Editor’s note: Mykal Slack began his professional life as a lawyer with the American Civil Liberties Union’s LGBT and HIV/AIDS Rights projects and then served as a law clerk in the United States District Court for the Eastern District of New York. After discerning a call to ministry and graduating from Union, he served in various ministerial posts in the Metropolitan Community Churches and the Unitarian Universalist Association of Congregations before becoming in 2016 the co-director of North Carolina’s Freedom Center for Social Justice.
What do you do?
My ministry and calling is to nurture spaces where people can connect in ways that heal and not harm, talk about and re-imagine church life that truly honors and celebrates our differences, and make sustainable changes that are an outgrowth of spiritual practice, deep listening, and active engagement in community. I have had the pleasure over many years of living out that calling as a speaker, trainer, worship leader, community minister, and congregational life coordinator in various contexts.
Currently, I’m a co-director of the Freedom Center for Social Justice, a Southern-based national organization that supports and leads LGBTQ advocacy from within the church and outside it. I lead our Trans programming, which includes supporting a year-long Trans Seminarian Cohort brought together by the Freedom Center, the National LGBTQ Task Force, and the Pacific School of Religion, and organizing a summer retreat for Trans and gender non-conforming people of faith. We also help clergy, business owners, and educators reach a deeper understanding of what it truly means to be welcoming through our Yes, You Can Go campaign and our Do No Harm initiative. The Freedom Center also supports public policy efforts locally and statewide, to ensure that policy makers recognize the impact their decisions have on LBGTQ people. Much of our public policy work happens as part of the Moral Monday movement here in North Carolina and engages the community on issues ranging from poverty and economic justice to gender, reproductive, and sexual justice.
What’s the best thing about your job?
There are too many to name, really. For one thing, I have never settled into any type of position, ministerial or otherwise, that captured so much of what I care about and love to do. My times as a civil rights lawyer, as a workplace discrimination investigator and trainer, and as a minister have created a remarkable foundation for who I am and how I show up, and I am grateful. Also, it has been a pleasure and honor to work with my co-director Bishop Tonyia M. Rawls, who is deeply invested in collaboration and understanding what it means to cultivate our relationship as co-conspirators in this holy work. Finally, as a Trans man of color, I get the joy of organizing with and ministering among people in the queer and trans and POC communities I call home. Despite the political landscape in which we find ourselves, this has been a beautiful and hope-filled time, due in large part to the resiliency and brilliance of QT/POC communities that I get to build relationships with on a daily basis.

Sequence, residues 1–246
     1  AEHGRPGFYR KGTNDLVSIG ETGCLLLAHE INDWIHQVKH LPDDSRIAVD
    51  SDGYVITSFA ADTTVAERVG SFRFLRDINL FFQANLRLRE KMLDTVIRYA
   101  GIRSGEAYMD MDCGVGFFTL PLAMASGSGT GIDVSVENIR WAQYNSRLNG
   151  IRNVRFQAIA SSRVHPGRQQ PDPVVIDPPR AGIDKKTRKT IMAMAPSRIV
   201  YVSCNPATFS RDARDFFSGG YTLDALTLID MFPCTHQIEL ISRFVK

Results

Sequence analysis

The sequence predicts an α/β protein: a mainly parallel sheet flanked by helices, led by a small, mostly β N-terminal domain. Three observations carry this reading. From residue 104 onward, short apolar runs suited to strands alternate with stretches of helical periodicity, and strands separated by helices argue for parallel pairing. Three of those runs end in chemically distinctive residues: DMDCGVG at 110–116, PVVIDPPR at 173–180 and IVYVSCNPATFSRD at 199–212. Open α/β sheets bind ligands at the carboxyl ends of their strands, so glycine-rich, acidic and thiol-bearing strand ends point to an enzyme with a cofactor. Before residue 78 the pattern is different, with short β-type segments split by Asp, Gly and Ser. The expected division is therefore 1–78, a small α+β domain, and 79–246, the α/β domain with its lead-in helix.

How did Union prepare you for this?
Being at Union helped me come into a full understand that, by faith, absolutely anything is possible. I’m certain I didn’t really believe that on my first day, but I knew it deep within my spirit, in my skin and bones, by the time I left. People like Dr. Edwina Wright, Dr. emilie townes, and Rev. Dr. Christopher Morse inspired not only deep questioning of what I thought I knew, but also a vision of inclusiveness in and outside the church that I will carry with me for as long as I live. As my faith deepened and my analysis sharpened, I also got clear about who I was called to be in this life. So around Eastertime of my second year, I disclosed the full awareness of my identity as a Transgender man to the faculty, staff, and students, reframing what resurrection really meant for me in that moment. To my knowledge, that was the first time that had happened at Union, and while I didn’t expect it to go badly, I also didn’t anticipate how spectacularly well it would go. In a show of radical hospitality and inclusion, everyone was remarkably loving and open and willing to do whatever it took to ensure that, in a moment of intense uncertainty, I would have the space to thrive. And I did! I will forever be grateful to Union for that, and their witness continues to inform how I hold space and show up for others and for myself.
How have you stayed connected to Union?
I’ve stayed connected with Union mostly through close friendships, both from my year and more recent ones. I also read Union’s Facebook page periodically and try to keep up with important news and updates.
What would you say to a prospective student?
A seminary education is an intense experience. You’ll have an opportunity to begin to solidify your vision for ministry. You’ll build lasting relationships that can set the tone for how you manifest joy, set boundaries, and engage in self-care. You’ll feel the frustrations and the ebbs and flows of being in community. Don’t be afraid to be changed and to be made new by any of this. You will not leave as the same person who arrived. And you can count that as one among many blessings.